Metadaten







Promotionsordnung



Kumulative Dissertation



Titel


The Evolution of Trust and Cooperation in Diverse Groups: A Game Experimental Approach

Titel (englisch)



Autor/Autorin


Volk, Stefan

2. Autor/Autorin



Geburtsdatum


26.11.1976

Geburtsort


Greifswald

Matrikelnummer



Schlagwörter (GND)


Internationale Arbeitsgruppe; Heterogenität; Gruppenidentität; Soziale Identität; Vertrauen; Kooperatives Verhalten; Diversity Management

DDC (Dewey Decimal Classification)


Wirtschaft - 330

Freie Stichwörter (deutsch)


MBA; Kooperation

Freie Stichwörter (englisch)


Trust; cooperation; diversity; multinational groups

Kurzfassung



Kurzfassung (englisch)


Diversity has often been portrayed as a 'double-edged sword' with potentially positive effects on group performance but negative effects on interpersonal relations. The inconsistent findings accumulated by contemporary diversity research raise the question of whether the evidence for the positive and negative effects of diversity can be reconciled and integrated. Recent work has conclusively argued that past research has focused too much on studying the 'main effects' of diversity and neglected to consider the influence of potential moderators that may explain some of the inconsistent findings on the relationship between team diversity and team outcomes. Diversity researchers have therefore called for more attention to moderating variables when developing process models of team diversity. The present dissertation responds to these calls by investigating the effects of group diversity on important predictors of group performance, i.e. the level of behavioral trust and cooperation. Findings from a longitudinal study that used MBA students as participants in economic game experiments suggest that in deliberately diverse groups the decision to trust and cooperate depends on the level of perceived deep-level diversity and the salience of national and group identities. Furthermore, results form a second study indicate that in heterogeneous groups a salient collective group identity and trust-based social capital can lead to group norms emphasizing cooperation, while salient national identities are detrimental to a group's emphasis on interdependence and cooperation. Implications of these results for group leaders, managers, and organizations wishing to manage diversity in groups effectively are discussed. The dissertation concludes by giving advice on how to overcome the negative effects of intergroup biases such as stereotypes and prejudice by introducing a framework that describes how experiential games adopted from economic game theory can help to diagnose different types of diversity issues and to determine optimal diversity training methods accordingly.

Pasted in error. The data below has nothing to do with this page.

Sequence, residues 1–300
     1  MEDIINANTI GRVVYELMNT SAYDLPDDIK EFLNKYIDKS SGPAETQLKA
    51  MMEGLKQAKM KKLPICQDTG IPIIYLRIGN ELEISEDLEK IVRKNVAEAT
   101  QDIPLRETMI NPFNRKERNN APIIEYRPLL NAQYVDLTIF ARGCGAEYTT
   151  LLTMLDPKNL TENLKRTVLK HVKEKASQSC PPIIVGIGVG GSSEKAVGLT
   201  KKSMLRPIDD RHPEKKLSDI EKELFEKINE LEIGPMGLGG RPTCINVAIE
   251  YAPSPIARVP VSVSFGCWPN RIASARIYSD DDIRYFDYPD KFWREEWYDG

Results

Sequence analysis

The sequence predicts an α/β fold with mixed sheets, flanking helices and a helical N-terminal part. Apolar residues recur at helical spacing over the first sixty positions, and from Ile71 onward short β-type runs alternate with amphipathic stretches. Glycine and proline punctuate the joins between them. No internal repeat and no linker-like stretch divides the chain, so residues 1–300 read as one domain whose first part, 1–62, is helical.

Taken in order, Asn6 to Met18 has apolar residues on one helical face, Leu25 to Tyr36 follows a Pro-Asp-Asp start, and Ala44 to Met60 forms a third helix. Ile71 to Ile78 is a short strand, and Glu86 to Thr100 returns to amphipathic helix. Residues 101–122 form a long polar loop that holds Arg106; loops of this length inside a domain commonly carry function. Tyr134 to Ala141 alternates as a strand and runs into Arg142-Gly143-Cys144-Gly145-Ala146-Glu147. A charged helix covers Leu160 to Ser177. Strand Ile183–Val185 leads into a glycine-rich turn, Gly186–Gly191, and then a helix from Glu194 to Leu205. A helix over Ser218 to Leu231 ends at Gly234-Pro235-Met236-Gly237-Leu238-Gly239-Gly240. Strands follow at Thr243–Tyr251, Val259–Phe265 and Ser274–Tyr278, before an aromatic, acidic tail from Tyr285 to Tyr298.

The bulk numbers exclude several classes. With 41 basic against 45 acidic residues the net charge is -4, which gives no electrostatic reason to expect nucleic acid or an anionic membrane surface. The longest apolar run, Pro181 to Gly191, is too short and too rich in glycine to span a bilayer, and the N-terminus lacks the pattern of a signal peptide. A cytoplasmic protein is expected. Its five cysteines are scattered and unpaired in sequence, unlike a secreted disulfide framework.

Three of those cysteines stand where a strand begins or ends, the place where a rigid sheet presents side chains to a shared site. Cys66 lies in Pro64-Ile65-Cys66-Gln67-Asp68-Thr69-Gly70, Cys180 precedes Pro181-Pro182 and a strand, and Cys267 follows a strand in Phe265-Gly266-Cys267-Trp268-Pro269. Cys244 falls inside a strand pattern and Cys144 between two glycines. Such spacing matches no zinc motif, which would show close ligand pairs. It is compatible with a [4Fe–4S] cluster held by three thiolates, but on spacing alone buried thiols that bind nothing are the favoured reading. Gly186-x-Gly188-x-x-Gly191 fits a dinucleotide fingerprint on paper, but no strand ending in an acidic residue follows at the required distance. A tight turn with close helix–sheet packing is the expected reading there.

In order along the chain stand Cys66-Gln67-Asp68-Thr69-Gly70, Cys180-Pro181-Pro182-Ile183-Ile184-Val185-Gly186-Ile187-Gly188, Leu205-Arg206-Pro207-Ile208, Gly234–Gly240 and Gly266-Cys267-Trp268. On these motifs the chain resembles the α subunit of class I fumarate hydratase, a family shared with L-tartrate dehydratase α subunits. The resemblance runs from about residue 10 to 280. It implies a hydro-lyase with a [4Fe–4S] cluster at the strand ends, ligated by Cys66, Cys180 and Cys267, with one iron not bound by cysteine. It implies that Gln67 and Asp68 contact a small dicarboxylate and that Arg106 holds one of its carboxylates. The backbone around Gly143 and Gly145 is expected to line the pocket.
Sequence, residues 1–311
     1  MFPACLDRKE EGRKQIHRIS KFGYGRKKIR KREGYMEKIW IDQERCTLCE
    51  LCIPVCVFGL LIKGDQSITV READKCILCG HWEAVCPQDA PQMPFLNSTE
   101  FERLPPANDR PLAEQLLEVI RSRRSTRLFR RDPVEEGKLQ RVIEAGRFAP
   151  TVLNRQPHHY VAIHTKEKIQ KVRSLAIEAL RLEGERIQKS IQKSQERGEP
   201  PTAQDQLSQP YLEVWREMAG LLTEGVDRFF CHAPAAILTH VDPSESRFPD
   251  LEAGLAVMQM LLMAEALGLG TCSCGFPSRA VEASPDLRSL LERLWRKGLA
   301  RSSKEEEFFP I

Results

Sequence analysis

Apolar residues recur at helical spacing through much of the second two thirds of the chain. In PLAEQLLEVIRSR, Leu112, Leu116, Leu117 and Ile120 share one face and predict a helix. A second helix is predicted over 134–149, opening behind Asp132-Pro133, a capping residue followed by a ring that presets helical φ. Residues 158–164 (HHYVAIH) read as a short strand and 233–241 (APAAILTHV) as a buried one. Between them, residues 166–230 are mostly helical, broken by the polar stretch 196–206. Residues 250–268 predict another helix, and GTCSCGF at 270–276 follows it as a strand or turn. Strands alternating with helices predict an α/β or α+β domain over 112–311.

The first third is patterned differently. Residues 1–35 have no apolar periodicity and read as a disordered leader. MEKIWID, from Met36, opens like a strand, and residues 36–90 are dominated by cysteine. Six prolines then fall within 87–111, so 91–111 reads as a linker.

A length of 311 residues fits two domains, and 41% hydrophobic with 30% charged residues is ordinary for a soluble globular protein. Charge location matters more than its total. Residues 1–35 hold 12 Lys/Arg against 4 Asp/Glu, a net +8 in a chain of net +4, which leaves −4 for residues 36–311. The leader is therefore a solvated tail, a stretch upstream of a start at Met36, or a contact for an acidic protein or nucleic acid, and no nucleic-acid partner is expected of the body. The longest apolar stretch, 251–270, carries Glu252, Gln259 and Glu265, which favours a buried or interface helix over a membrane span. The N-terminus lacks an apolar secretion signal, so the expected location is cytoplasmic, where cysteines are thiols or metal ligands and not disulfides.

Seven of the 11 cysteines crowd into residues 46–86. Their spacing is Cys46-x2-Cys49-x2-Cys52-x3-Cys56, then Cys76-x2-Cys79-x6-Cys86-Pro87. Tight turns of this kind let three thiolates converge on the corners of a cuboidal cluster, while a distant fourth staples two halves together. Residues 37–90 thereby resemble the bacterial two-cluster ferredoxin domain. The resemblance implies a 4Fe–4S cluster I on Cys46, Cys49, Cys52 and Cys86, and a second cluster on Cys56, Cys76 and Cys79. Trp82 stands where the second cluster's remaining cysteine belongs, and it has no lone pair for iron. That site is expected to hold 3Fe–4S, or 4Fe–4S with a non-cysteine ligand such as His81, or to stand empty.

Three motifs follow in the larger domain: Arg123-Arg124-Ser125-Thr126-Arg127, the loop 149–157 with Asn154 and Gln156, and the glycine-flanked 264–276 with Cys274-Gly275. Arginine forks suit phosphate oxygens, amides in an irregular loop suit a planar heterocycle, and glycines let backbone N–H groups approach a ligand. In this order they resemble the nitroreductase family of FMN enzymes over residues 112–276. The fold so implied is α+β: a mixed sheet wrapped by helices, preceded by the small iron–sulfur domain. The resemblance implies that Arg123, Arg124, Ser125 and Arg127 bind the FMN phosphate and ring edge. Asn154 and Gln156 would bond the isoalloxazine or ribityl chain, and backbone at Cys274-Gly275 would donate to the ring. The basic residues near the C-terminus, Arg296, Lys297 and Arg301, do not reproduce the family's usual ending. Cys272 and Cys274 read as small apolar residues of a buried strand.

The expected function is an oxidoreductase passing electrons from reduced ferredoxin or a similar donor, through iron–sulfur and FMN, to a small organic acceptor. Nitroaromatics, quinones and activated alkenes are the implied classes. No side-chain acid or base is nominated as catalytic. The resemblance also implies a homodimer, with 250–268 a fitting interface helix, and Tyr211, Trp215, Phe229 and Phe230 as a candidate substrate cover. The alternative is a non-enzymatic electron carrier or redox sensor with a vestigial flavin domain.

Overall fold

Universität


Universität St.Gallen

Referent/Referentin


Ruigrok, Winfried (Prof. Dr.)

Korreferent/Korreferentin


Den Hartog, Deanne (Prof. Dr.)

Erweitertes Diss. Komitee



Fachgebiet


Wirtschaftswissenschaften

Sprache


ENG

Promotionstermin (dd.mm.yyyy)


16.02.2009

Erstellungsjahr (yyyy)


2008

Dokumentart


Dissertation

Format


PDF

Dissertationsnummer


3579

Quelle



PDF-File


dis3579.pdf

Dokumentverknüpfung


Link zu diesem Dokument







letzte Änderung: 10/22/2009 - Allgemeine rechtliche Informationen - Datenschutz [ Nach oben ]